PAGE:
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Frantic as a cardiograph scratching out the lines, Day 122: Wonder Woman (volume 2) #156

Every day this year, I will be examining the first pages of random comics. Today’s page is from Wonder Woman (volume 2) #156, which was published by DC and is cover dated May 2000. Enjoy!

Now THAT'S an ax!

I didn’t mean to grab an issue of Wonder Woman in my return to random comics (I do try to keep this as random as possible, although it’s not easy), but it’s certainly relevant, considering how much the new series has angried up some blood. This issue is from the less-than-distinguished Eric Luke/Matthew Clark run (with Tom Simmons on inks, John Costanza lettering, and Pam Rambo providing the colors), comics I honestly haven’t read in over a decade. So let’s check out this page!

Unfortunately, it’s kind of boring. Luke does, however, provide the theoretical new reader with a nice primer on WW’s mission: peace, singing in harmony, ending war – you know, filthy hippie crap. Luke does a nice job with Diana’s “voice,” as she has been doing this long enough to admit, a bit snarkily, that it sure ain’t easy making knuckle-dragging men lay down their penis substitutes. All we need to know about Diana’s larger mission is on this page. Sure, we don’t know her name is Diana, but that’s okay. We know she’s Wonder Woman, right?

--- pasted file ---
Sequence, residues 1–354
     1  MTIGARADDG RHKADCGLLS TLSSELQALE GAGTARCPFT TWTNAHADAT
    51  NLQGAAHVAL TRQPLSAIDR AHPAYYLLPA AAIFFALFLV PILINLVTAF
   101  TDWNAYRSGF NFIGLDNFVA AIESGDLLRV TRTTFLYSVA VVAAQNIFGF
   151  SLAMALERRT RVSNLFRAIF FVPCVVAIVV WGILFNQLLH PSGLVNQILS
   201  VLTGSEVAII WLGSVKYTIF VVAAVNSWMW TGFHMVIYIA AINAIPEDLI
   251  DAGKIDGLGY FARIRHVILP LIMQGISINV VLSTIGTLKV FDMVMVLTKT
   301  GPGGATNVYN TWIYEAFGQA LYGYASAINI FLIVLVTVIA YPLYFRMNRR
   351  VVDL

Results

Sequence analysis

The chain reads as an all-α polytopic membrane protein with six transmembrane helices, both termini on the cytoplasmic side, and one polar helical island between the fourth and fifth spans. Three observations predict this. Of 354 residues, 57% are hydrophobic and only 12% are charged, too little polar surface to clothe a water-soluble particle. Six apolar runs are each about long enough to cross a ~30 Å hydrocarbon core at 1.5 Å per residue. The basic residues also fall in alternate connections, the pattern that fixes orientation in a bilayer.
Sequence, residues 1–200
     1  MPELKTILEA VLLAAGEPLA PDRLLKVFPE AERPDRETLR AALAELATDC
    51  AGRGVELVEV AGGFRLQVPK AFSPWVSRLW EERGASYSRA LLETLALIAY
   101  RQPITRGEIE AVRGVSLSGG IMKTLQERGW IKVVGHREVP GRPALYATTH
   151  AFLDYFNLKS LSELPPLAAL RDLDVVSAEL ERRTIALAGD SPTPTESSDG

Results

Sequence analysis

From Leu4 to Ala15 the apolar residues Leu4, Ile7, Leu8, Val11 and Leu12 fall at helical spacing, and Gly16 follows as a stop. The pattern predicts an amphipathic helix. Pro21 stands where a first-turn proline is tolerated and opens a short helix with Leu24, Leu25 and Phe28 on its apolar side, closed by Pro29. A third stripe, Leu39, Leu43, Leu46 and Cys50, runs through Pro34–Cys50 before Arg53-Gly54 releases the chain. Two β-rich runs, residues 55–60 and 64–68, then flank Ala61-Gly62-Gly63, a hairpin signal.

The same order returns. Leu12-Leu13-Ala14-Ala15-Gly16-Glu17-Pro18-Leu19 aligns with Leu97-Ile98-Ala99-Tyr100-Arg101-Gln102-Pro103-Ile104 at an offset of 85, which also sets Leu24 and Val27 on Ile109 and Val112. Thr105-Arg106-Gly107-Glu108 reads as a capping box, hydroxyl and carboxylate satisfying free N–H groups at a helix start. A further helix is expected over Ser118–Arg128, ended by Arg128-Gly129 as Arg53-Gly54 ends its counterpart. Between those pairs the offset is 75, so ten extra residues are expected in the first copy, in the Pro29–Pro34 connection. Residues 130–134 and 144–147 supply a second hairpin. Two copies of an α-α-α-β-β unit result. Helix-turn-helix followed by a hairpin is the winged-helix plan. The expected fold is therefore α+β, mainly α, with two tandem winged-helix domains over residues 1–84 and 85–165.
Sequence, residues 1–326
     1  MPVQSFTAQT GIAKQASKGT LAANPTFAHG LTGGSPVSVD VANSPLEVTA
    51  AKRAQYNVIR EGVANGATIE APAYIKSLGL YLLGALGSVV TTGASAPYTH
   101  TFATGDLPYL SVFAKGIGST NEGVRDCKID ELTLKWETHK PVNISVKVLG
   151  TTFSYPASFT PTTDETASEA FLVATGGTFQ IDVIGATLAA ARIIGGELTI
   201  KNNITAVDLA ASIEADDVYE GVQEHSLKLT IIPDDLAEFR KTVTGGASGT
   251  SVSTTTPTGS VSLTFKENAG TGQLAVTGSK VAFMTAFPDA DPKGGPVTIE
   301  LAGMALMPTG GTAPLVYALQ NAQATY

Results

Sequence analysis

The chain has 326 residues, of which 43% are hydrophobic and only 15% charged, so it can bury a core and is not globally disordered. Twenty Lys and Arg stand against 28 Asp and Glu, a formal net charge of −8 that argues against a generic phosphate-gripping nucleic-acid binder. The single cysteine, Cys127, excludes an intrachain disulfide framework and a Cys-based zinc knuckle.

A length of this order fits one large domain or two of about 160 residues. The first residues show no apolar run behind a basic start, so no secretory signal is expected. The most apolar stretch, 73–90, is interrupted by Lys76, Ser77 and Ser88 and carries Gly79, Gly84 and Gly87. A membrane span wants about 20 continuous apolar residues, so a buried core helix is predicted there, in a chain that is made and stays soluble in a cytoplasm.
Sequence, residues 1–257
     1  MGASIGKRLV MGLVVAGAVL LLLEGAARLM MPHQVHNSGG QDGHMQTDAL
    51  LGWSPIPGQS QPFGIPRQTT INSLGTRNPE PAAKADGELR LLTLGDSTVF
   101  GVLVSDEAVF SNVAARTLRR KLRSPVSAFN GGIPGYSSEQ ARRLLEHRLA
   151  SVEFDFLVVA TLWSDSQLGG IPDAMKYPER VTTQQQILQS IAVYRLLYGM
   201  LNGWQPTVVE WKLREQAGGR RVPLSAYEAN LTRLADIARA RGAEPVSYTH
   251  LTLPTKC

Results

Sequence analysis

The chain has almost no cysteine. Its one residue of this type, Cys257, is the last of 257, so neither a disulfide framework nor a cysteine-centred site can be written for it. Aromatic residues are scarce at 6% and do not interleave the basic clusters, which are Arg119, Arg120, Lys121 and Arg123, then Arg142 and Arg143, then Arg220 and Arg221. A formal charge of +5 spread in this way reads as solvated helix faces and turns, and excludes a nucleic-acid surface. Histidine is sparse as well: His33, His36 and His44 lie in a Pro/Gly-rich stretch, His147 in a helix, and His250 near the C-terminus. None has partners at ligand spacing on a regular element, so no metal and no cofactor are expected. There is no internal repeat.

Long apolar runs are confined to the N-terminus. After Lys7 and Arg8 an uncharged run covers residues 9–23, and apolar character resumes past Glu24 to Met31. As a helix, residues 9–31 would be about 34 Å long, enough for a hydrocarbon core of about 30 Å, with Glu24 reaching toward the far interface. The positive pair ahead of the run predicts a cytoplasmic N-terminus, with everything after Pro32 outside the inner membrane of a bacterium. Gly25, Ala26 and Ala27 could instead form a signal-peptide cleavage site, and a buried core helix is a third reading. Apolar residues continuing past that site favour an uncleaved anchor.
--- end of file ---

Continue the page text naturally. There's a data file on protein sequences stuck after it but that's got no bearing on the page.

Clark doesn’t have a lot to do, but he does give us a nice drawing of WW. In the first panel, we see a strange structure apparently floating above a body of water in some kind of mountainous region. The structure is actually Diana’s invisible plane, which turned into a giant floating city for a while in the book. Clark does show how small Diana is compared to the “plane,” and her contrail (if that’s what we can call it) leads our eye to the next panel, where Diana dominates the scene. It’s a nice drawing of Wonder Woman – I’ve seen some people claim that recent artists are the first to draw Diana as a Greek woman, but that’s not really true, as she looks more Mediterranean here than she often does. Clark makes her muscled but not bulky, and while her bracelets aren’t as big as someone like John Byrne drew them, they’re still prominent. One of the more interesting parts of this run (from what I remember of it) is that Luke and Clark gave Diana some solid weaponry, and we see that here. Her narration about peace runs headlong into her heavily armored self and her comment at the bottom right of the page. On the next page, she narrates more about the problems with her mission that lead her to take up weapons. Diana’s face is a bit vapid, unfortunately, which is strange because Clark generally draws it better. Maybe she’s just focused. As usual, Clark has problems with what to do with Diana’s lasso. It’s just sort of hovering there, which is how artists usually draw it. Someone should boldly put a loop on her golden girdle, just to see if anyone would follow suit.